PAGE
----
Now, that's just for a biped. You have the whole animal kingdom to explore as well. You can treat the animals as real ones and go through mechanics and movements or combine animal movements with anthropomorphic behaviour.

Again, if you start mixing exercises across all sections the possibilities are endless.

There are many more exercises, so feel free to add your ideas in the comments section.


Animation Mentor Newsletter - November 2008

Another month, another newsletter from AM! For the November AM Newsletter you get:

- Animating for IMAX 3-D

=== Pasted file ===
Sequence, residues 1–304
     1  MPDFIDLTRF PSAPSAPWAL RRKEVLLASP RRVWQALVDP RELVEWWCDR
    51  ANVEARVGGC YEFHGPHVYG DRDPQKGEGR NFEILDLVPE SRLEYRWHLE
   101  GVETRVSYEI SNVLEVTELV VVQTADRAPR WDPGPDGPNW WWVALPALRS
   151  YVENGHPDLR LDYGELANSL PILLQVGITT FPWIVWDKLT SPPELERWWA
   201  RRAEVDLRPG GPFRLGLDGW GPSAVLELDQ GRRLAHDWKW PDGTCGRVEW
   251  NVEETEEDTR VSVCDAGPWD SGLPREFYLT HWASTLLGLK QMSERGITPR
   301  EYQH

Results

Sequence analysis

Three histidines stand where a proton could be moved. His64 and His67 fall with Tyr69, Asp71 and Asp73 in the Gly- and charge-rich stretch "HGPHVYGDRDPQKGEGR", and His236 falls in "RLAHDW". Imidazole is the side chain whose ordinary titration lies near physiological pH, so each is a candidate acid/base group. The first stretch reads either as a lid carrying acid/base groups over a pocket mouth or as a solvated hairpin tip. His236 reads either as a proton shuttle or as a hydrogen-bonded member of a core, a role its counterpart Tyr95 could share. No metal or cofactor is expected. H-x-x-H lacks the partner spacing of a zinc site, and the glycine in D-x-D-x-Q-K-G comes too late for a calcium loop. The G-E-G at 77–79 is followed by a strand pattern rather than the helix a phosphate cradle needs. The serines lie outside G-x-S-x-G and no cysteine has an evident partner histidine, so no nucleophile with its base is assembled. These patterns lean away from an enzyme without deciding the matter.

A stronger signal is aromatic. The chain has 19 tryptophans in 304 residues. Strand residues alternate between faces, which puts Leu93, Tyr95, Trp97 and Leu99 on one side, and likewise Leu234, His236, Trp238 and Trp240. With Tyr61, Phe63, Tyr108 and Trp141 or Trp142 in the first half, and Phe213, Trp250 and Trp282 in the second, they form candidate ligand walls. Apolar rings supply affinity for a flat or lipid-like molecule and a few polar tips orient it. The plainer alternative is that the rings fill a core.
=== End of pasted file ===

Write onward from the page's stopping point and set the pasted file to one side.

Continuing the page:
- Special Report: Behind the Characters: Job Satisfaction, Career Outlook, and Salary Survey Report
- Animation Mentor at Disneyland
- From Visualization to Animation: See your ideas come to life
- Eric Goldberg Part 2 Podcast
- Haokun Liang's Short Film
- Mentor: Morgan Kelly (Dreamworks Animation)
- Student: Patrick Gschwind
- What brings a scene to life?

Wednesday, November 12, 2008

Acting Reference - Life "Did you feel that?"

Go to and check out the Life episode "Did you feel that?". Besides being a cool show, this one has a cool ending. Go to the 37min 30sec mark as shown below and watch that hostage sequence.

There are many things that I thought were really cool (the characters on that show are just a lot of fun). But in terms of animation it's a neat example of looks and eyes and blinks.

It's interesting to see the mannerisms of the bad guy (pic above) change, from relaxed/cocky to tense and frustrated.